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Friday, April 29, 2011

Monkey mayhem!

This morning my friend and colleague Sushma texted me to say she would be coming in late to the office. Given that we all deal with such things as children's exams, admissions, dropping them off some place and picking them up at another, I did not think much of it, and did not ask why. But when she did come in, with a somewhat harassed expression, we just had to sit down and listen to why.


The corridor outside her house, a green space of potted plants and a bird's nest, a sort of oasis in her urban high-rise, had been totally trashed by rampaging monkeys! Thinking the abundant greenery housed more than just pretty leaves, a gang of four hefty monkeys tore through the vines, pulled down cables that interfered with their search, and finally broke some pots in anger, not having found any fruit or other comestibles. When they finally ran away, Sushma and her husband were faced with a disaster coloured in terracotta and spotted green--bits of broken pots, scattered mud, leaves and tendrils torn and hanging everywhere....


"Our telephone line has snapped," cried one irate neighbour."Make sure you clean our balcony too, there are bits of broken pots here too," said another, one floor below. "My television isn't working--it's your responsibility to see the cable is up and running," demanded a third.


"But when people have a problem like this, don't the neighbours help?" I asked.


"Well, they blamed us for having so many pots and leading the monkeys to think there may be fruit behind all that greenery," said Sushma.


So Sushma and her husband Anup spent the next hour gathering the debris, cleaning their space then then their neighbours', and fixing whatever cables they could, while angry neighbours either looked on or walked away.

The incident brought up several questions, some directly related and others (in the manner thoughts run across mental networks) not.

First of all, why do people immediately jump on others, blaming instead of looking to see how they could work together? Don't they see that this could happen to anyone, that monkeys could have just as easily come to the first floor or anywhere else and created the same havoc there. As on an earlier "invasion" in Sushma's house, the monkeys could have taken a look inside a fridge, sampled their dal and curry, and made a royal mess of their kitchens. When something happens, in our homes, in our streets, in our neighbourhoods, why is the first impulse to look for whom to blame rather than to see what we can do to take care of the situation? Fixing blame can help us find out why it happened and perhaps try to ensure that it doesn't happen again, but it does not help take care of the situation that has arisen in the moment. For that we just need to set aside the why and pitch with a how and a what!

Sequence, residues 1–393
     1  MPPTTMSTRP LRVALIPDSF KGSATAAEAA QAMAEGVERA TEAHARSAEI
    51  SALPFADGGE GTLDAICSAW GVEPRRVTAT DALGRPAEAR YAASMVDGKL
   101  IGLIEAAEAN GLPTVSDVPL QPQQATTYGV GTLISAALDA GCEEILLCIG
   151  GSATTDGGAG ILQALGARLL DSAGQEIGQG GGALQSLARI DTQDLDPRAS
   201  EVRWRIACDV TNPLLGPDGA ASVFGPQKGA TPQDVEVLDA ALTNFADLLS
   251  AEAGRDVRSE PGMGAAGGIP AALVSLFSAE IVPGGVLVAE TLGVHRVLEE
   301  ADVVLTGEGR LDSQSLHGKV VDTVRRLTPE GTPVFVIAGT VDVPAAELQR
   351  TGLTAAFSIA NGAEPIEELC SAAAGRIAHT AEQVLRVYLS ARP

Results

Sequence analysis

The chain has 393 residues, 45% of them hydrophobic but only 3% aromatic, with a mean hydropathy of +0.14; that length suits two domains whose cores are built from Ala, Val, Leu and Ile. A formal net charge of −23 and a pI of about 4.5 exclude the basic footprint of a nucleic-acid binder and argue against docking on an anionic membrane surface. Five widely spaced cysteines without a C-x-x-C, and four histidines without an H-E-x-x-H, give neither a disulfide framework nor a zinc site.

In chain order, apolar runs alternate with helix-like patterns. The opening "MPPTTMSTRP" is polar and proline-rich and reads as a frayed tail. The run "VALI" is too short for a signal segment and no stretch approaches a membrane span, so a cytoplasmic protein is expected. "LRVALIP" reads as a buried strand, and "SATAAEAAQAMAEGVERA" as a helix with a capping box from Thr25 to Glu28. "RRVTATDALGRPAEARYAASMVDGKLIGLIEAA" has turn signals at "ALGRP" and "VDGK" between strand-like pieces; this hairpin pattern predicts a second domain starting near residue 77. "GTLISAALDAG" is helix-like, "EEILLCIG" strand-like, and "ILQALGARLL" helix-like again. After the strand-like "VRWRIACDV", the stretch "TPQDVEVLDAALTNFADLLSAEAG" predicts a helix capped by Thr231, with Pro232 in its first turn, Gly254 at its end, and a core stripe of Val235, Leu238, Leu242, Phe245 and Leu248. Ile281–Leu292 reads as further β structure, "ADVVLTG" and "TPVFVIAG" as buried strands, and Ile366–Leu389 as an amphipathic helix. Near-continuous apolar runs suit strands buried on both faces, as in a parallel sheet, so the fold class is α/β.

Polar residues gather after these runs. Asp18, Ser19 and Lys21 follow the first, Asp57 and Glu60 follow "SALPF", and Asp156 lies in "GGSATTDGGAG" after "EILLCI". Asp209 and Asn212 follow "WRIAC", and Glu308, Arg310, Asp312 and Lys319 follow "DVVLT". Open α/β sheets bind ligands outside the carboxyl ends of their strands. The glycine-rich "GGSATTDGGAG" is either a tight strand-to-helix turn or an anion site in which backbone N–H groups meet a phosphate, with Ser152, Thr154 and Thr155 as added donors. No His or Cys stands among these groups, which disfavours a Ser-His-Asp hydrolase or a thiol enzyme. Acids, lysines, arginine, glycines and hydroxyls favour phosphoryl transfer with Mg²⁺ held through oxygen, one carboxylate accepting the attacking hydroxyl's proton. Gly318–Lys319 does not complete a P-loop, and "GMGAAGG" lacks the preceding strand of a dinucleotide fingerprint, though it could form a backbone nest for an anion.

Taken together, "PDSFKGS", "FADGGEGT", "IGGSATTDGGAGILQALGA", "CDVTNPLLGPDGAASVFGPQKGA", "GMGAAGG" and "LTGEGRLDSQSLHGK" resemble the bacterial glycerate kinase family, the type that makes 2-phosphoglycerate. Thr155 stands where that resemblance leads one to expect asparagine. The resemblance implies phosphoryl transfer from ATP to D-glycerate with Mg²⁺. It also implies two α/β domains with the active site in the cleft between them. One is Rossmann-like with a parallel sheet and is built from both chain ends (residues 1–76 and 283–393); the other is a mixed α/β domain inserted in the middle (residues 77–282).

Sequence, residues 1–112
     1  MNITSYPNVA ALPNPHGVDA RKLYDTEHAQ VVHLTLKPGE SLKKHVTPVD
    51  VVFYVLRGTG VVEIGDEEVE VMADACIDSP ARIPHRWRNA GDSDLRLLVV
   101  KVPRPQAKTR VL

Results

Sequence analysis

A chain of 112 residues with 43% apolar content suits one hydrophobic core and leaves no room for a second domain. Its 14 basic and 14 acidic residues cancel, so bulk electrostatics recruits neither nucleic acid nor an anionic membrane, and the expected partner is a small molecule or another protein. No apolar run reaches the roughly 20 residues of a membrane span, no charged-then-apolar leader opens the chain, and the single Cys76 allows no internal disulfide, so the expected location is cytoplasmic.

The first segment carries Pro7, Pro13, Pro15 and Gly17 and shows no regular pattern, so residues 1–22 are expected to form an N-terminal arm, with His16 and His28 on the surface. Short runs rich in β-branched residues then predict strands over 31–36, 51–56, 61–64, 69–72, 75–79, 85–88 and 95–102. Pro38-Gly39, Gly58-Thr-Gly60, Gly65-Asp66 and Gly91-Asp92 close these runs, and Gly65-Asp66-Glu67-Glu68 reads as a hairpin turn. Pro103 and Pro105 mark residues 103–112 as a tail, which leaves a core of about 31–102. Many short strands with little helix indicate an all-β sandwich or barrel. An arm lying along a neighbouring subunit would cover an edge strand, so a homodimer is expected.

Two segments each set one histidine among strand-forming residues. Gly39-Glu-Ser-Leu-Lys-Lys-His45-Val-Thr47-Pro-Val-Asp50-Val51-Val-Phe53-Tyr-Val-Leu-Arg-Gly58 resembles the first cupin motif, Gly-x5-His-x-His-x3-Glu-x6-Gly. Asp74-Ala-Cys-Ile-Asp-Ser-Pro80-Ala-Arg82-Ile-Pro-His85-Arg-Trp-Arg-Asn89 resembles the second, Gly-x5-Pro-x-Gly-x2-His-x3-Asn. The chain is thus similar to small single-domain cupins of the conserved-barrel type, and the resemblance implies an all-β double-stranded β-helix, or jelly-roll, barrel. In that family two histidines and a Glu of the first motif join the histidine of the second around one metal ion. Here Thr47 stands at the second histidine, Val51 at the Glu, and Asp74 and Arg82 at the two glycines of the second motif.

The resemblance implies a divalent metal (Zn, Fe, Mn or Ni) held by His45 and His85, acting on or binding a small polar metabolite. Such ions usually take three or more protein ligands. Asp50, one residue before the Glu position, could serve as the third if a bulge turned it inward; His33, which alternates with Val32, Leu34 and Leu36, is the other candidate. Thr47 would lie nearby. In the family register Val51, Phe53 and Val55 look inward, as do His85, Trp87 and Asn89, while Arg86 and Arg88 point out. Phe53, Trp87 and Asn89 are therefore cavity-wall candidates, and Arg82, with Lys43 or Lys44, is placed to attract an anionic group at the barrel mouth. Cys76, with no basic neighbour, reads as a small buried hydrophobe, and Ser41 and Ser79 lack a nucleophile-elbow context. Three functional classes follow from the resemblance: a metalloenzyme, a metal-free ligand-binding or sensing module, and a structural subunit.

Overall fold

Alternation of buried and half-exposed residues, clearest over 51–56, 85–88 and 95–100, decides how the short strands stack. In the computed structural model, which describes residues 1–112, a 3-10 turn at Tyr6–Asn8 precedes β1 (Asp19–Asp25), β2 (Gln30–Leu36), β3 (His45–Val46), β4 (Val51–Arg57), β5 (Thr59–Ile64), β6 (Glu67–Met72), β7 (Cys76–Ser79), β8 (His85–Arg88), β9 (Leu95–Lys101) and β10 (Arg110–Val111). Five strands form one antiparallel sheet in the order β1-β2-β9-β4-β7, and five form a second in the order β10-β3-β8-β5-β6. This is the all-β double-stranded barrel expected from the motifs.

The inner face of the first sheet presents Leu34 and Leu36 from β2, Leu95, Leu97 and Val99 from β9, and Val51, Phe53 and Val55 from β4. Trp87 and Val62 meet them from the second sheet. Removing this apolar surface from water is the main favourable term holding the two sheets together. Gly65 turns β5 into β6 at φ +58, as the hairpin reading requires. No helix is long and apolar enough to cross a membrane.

Secondly, how do monkeys experience urbania? What is it that prompts them to leave the shelter of their trees and jump into our homes? Sushma tells me that in this case, the monkeys may have mistaken the lush potted foliage outside her door for a tree-like growth, and they were hoping to find something edible among the leaves. In Hyderabad, and in many other Indian cities, monkeys are not an unusual sight, sometimes travelling in large groups, complete extended families, settling down on terraces and in parks where we see mothers tending to young ones, and aggressive males scouring the dumps and margins of homes for food. Summers seem to bring them out into the city in larger numbers, maybe because of the arid conditions in what's left of our surrounding forests. Just as people travel to the city seeking jobs in the off seasons of agriculture, they too come here for sustenance. And when they don't find it in the "natural" places they move into what we consider our preserve, the built up forests of the city.

All sorts of boundaries blur in the relentless growth of the city. And some new walls are built. We may as well accept that if we destroy the countryside to gain new plush gated communities, some of us will have to deal with the living things that used to populate those areas. So as we move outward, searching for pristine spaces in which to create our billboard communities, the monkeys move further into the city, claiming all manner of spaces where they can find the one thing they are looking for--food.



1 comment:

Reef by any other name said...

Probably the loss of habitat has led to a frustration of kind in these monkeys.When we were kids,monkeys were everywhere but did not really cause so much havoc (unless there was food around).They did litter but the damage was minimum.

But off late,these monkeys seem to like being left completely alone! One of the helps at our apartments -Lakshmi (she takes care of the cleaning of the entire apartments once a week and does other errands) was sort of attacked by one of these monkeys.Poor thing would have been in a bad shape if not for the person who noticed and managed to distract the monkey.Lakshmi has this bad wound on her back and needs to take a lot of injections because of it!

I still don't blame the monkeys though,imagine how furious we would get if we had no where to live and no proper means of food!

And yes,blaming others comes naturally.Probably because its the easiest way out at a lot of times.Also,neighbours blaming each makes me wonder though,how people were so friendly with each other earlier and naturally so. These days,it seems to take much more of an effort to be 'neighbourly'.

-AG